What’s wrong with this picture?

Just watch the first minute or so of the above clip, a Brits broadcast from online entertainment channel ITN On. As product placement goes, you might think that Will Ferrell’s new film, Semi-Pro, had lucked in what with the reporter’s clipboard proudly declaring its title to camera (0.33). But keep watching – Farrell’s only gone and innocuously got his film into another shot (from 1.12-1.30): this time the intrepid reporter’s standing next to a billboard advertising the movie and – hey – there’s its title again, on the side of the taxi she’s climbing into! Lucky coincidence?
Well, no. All of these references to Semi-Pro were actually added in to the broadcast digitally and, according to MirriAd who are behind the work, this is a first for “embedded advertising in showbiz content”. While the work is for an online commercial channel, targeting an audience who, potentially, would be interested in seeing the film, doesn’t this all just feel a little creepy?

Just watch the first minute or so of the above clip, a Brits broadcast from online entertainment channel ITN On. As product placement goes, you might think that Will Ferrell’s new film, Semi-Pro, had lucked in what with the reporter’s clipboard proudly declaring its title to camera (0.33). But keep watching – Ferrell’s only gone and innocuously got his film into another shot (from 1.12-1.30): this time the intrepid reporter’s standing next to a billboard advertising the movie and – hey – there’s its title again, on the side of the taxi she’s climbing into! Lucky coincidence?

Well, no. All of these references to Semi-Pro were actually added in to the broadcast digitally and, according to MirriAd who are behind the work, this is a first for “embedded advertising in showbiz content”. While the work is for an online commercial channel, targeting an audience who, potentially, would be interested in seeing the film, doesn’t this all just feel a little creepy?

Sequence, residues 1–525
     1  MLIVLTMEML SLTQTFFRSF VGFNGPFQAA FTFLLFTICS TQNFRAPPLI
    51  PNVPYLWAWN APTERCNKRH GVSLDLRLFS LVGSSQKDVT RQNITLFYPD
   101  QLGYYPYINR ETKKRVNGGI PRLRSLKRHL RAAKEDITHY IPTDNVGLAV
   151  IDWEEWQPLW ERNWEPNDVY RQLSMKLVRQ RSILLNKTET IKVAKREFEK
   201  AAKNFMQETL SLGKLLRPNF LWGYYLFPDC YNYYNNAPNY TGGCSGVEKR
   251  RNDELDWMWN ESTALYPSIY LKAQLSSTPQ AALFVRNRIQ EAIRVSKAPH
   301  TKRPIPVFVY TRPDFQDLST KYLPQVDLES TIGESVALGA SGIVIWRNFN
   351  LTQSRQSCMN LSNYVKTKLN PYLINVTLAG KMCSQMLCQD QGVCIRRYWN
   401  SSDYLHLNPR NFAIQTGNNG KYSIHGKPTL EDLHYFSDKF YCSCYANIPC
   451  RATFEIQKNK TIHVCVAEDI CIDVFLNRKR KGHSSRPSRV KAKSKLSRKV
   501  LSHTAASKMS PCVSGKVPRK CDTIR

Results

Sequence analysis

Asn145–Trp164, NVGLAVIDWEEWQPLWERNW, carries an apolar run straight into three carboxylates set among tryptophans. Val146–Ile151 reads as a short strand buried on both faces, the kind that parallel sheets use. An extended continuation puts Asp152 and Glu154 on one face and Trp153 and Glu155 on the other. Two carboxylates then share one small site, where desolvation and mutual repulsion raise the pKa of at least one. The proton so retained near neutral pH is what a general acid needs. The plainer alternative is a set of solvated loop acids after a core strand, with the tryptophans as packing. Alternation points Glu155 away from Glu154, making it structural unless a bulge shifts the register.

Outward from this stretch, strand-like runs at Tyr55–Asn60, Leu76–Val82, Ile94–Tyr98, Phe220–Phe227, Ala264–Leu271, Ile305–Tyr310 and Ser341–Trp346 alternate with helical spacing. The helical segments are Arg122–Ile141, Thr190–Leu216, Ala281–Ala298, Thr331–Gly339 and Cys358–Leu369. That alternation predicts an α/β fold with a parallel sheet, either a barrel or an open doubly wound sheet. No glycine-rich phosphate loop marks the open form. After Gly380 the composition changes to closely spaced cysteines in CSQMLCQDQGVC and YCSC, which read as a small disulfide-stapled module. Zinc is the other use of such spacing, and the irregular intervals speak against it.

Of course it does, but then as many ad execs will argue, is using this technology any worse than a sponsored opener, or the common-or-garden “in association with…” tagline? Perhaps not, but it does seem that the parameters within advertising (advertorial, advercontent, whatever you want to call this) have shifted again. By becoming actual content, these ads aren’t ads in the way we’re used to experiencing them.

OK, so a spot like the Cadbury’s Gorilla isn’t a “regular” ad – it irreverently plays with ideas of branding and association and owes its success to the power of redistribution through the web; but embedding ads/products digitally into what appears to be a straight-to-camera video report (regardless that it’s for a commercial “entertainment” channel) seems like very different territory.

Here’s a snippet from the release that accompanies the launch of the work which was commissioned by WPP’s media planning agency, MediaCom, to promote Semi-Pro (out this Friday):

“The move to embed advertising within online content heralds a significant development for online publishers and advertisers. Unlike other forms of online advertising, such as pre-rolls, post-rolls, companion ads overlays and pop-ups, MirriAd’s digitally embedded brands and images cannot be skipped by viewers, and do not intrude on their viewing experience, giving advertisers a powerful new promotional tool. They can also be interactive. MirriAd provides content owners with a new way to monetise online content.”

Hmm.

So there’s no “pre-roll” advertising, allowing the viewer an uninterrupted experience? No. That’s not true. This experience has been interrupted from the beginning. It also means there’s just more space for another name to tag on the start of such a broadcast and that, in fact, what you end up watching on your monitor isn’t all that it appears to be.

One could of course argue that as this is all part of an “entertainment” package from a commercial channel and that those looking to secrete their messages within commerical broadcasting will always seek to do so in more inventive ways.

But ITN On is also a provider of “news” broadcasts to mobiles. Will it be long until this kind of technology is used during actual news coverage, if only to ensure that “brands and images” do not “intrude” on a viewing experience?

We’ll see.

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